The second study, by Dennis Petrie, PhD, University of Melbourne in Australia, and colleagues, found similar results after analyzing health records from the Swedish National Diabetes Register (NDR), which were then linked with death records.

For men with type 1 diabetes, the life expectancy at age 20 increased significantly from 47.7 years in 2002–2006 to 49.7 years in 2007–2011, but life expectancy in the general population saw a similar gain. The gains were largely due to a reduction in cardiovascular deaths, the study finds.

Their female counterparts saw no significant change, with a life expectancy at age 20 of 51.7 years in 2002–2006 and 51.9 years in 2007–2011.

Therefore, just as in Australia, the life-expectancy gap between patients with type 1 diabetes and the general population has not changed much over recent decades and remained at 10 to 11 years for men and 11 to 12 years for women, according to the study.

The authors conclude that care for those with type 1 diabetes must improve to close the gap, noting that a significant portion of patients have poorly controlled HbA1c levels.

"In addition," they write, "with 10% of men and 13% of women still reported as current smokers in 2011, additional smoking-cessation programs could generate further improvements. While there have been large increases in the use of lipid-lowering medication, further expansion could generate additional gains, given this population's high underlying CVD risk."

More Info Needed on Life Expectancy for Type 1 Diagnosed Later in Life

In his commentary, Dr Stene says that even with these large new studies and previous work, there is still a lack of data on life expectancy for those diagnosed with type 1 diabetes at 50 years and older. This comes from the difficulty in determining whether diabetes is type 1 or 2 in older populations, he said.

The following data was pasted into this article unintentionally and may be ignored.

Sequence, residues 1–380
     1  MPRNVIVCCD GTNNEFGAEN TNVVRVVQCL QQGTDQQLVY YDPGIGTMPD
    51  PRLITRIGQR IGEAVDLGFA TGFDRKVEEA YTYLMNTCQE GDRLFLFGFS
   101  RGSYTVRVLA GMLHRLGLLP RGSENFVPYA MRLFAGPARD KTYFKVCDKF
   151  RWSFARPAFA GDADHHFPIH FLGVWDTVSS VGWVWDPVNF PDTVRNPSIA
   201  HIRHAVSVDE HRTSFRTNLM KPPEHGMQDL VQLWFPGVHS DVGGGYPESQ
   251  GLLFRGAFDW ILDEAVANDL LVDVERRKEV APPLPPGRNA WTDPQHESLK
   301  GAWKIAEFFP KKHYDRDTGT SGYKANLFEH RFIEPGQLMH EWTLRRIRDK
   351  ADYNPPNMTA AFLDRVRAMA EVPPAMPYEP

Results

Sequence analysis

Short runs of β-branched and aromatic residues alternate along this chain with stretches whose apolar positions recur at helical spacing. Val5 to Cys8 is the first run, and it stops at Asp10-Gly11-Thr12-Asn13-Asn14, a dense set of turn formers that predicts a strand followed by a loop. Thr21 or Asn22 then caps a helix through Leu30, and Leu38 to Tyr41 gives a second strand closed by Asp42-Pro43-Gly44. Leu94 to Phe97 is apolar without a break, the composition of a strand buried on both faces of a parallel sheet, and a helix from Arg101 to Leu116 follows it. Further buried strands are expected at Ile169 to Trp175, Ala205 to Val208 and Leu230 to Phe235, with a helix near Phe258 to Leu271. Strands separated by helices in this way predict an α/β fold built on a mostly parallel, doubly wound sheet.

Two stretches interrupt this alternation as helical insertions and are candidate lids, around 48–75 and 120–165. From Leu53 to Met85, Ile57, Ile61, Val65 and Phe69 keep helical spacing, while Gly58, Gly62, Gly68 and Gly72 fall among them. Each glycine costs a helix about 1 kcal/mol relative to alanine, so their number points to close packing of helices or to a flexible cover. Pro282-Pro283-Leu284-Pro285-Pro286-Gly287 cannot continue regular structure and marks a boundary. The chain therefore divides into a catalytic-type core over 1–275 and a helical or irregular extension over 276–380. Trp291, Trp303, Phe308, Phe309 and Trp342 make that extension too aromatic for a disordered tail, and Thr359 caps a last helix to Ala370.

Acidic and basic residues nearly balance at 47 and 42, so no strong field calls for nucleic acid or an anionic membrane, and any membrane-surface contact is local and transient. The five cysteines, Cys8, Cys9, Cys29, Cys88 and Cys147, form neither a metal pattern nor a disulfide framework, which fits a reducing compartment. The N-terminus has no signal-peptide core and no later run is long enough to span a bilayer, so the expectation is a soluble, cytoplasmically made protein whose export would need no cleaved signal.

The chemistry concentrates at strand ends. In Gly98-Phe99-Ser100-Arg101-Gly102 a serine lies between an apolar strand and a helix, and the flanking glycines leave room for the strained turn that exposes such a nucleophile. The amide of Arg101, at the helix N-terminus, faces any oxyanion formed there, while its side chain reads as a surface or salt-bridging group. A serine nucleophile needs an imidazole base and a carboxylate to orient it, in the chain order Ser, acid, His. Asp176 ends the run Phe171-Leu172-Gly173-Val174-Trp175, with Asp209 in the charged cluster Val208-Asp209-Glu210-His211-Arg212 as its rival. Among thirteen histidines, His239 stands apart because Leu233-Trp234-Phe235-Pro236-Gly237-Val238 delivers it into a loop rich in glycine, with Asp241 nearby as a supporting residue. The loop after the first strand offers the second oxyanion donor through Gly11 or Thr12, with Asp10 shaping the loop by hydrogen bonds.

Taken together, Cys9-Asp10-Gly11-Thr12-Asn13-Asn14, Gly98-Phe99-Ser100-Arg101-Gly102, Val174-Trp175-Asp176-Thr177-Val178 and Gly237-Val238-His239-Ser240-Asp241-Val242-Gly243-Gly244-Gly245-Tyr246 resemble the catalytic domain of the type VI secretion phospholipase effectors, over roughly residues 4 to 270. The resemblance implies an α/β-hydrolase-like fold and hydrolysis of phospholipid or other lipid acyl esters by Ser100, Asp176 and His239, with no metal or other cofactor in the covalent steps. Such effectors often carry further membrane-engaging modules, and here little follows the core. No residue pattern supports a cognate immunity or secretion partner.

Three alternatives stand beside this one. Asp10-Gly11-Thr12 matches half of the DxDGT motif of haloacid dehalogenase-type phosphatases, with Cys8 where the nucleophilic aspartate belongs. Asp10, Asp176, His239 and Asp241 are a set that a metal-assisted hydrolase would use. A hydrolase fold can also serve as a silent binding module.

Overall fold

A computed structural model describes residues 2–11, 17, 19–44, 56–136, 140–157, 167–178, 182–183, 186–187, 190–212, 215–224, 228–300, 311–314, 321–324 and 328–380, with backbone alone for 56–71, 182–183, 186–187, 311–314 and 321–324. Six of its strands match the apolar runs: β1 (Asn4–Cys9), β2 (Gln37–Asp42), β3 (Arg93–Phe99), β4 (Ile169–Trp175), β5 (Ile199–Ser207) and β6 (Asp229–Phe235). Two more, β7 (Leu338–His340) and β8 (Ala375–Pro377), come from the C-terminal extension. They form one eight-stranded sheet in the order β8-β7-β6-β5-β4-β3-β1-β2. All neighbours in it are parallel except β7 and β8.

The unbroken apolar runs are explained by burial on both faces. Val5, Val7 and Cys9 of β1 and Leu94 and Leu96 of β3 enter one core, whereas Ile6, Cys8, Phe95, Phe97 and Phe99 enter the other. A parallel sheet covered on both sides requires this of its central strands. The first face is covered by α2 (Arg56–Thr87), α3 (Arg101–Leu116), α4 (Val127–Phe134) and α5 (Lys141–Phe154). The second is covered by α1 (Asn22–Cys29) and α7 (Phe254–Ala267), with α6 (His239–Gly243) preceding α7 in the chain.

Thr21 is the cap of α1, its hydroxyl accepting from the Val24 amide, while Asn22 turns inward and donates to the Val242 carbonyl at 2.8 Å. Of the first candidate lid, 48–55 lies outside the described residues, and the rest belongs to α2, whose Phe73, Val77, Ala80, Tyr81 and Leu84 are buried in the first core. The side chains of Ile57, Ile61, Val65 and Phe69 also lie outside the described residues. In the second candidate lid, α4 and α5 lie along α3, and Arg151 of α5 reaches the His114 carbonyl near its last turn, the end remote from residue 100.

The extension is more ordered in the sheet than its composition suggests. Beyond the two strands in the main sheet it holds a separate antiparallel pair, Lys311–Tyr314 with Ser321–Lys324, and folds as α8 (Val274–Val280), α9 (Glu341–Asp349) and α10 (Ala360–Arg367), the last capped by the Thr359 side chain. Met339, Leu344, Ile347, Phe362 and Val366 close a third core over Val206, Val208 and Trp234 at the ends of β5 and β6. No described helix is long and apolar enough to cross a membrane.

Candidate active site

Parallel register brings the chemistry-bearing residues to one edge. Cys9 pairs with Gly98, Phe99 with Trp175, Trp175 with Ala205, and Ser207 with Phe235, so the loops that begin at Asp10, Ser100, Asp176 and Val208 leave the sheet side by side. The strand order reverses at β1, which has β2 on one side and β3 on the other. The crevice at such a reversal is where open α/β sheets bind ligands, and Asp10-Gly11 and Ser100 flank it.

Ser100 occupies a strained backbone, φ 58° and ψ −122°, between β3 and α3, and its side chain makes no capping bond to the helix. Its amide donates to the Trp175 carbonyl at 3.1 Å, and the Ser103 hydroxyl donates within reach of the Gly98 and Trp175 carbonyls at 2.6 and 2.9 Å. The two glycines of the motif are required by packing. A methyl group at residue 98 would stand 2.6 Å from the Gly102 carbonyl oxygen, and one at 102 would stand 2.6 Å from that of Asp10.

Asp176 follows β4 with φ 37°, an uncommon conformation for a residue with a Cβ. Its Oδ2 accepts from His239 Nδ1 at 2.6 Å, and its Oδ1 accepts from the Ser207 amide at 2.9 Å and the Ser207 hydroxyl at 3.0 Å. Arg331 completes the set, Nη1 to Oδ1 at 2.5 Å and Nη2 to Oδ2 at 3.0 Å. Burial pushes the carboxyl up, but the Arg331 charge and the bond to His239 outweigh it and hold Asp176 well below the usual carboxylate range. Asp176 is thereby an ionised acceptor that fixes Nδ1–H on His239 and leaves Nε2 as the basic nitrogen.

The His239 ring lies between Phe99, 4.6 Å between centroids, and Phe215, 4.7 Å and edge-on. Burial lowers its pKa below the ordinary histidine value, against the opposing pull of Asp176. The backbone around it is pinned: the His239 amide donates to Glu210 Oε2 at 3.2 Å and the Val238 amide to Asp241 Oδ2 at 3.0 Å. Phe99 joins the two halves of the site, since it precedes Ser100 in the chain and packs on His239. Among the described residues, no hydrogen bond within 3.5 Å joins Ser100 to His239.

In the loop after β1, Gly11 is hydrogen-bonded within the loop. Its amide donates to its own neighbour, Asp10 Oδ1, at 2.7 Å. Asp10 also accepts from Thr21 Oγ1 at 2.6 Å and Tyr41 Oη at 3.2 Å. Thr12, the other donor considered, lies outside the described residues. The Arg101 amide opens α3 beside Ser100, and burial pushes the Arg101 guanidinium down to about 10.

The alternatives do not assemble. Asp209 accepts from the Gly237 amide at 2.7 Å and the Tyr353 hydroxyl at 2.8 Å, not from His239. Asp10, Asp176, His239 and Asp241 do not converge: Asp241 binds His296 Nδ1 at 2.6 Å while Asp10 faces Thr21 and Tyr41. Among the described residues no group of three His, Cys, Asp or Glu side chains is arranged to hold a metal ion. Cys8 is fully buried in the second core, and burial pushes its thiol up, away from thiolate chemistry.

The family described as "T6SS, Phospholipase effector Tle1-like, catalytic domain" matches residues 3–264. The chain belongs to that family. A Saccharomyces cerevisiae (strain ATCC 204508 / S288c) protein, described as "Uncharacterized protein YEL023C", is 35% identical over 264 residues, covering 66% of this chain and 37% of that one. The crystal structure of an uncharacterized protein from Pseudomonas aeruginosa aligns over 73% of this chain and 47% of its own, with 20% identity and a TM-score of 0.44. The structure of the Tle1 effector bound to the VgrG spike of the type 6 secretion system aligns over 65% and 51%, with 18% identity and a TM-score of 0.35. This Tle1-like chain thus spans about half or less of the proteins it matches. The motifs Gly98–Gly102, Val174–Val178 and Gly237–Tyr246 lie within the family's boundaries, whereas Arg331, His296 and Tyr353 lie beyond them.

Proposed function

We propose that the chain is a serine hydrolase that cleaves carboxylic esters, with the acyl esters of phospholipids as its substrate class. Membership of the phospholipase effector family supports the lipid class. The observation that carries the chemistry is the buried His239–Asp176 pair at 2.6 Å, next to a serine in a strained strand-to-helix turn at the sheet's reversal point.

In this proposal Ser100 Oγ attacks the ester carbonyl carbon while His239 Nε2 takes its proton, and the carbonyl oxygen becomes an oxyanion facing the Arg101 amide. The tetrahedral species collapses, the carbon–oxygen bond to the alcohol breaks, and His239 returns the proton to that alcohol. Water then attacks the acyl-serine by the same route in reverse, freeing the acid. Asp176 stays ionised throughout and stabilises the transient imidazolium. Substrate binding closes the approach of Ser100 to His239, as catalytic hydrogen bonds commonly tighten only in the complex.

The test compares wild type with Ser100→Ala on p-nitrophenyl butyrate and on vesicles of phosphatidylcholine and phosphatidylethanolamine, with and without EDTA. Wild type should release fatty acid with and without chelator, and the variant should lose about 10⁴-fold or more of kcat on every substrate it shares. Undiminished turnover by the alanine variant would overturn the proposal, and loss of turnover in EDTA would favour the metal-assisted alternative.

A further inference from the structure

"In the studies presented in this issue, patients had to be <30 years [Swedish cohort] or <45 years [Australian cohort] at diagnosis. This means that all observed mortality in the oldest age groups was based on patients who had to survive for decades after diagnosis to contribute to the studies," Dr Stene notes.

"We still do not know anything about the mortality or survival in the first years after diagnosis of type 1 diabetes in those diagnosed in the highest age groups."

The Petrie et al study was supported in part by the National Health and Medical Research Council (NHMRC) and the Australian Research Council's Discovery Early Career Awards funding program. The authors report no relevant financial relationships. The Huo et al study was funded by the NHMRC and the Australian Government Department of Health and Ageing and partly supported by the Victorian Operational Infrastructure Program scheme. Dr Huo is supported by China Scholarship Council. Disclosures for the coauthors are listed in the article. Dr Stene is supported by the Research Council of Norway.

Diabetologia. Published online January 21 and April 5, 2016. Huo et al article, Petrie et al article, Editorial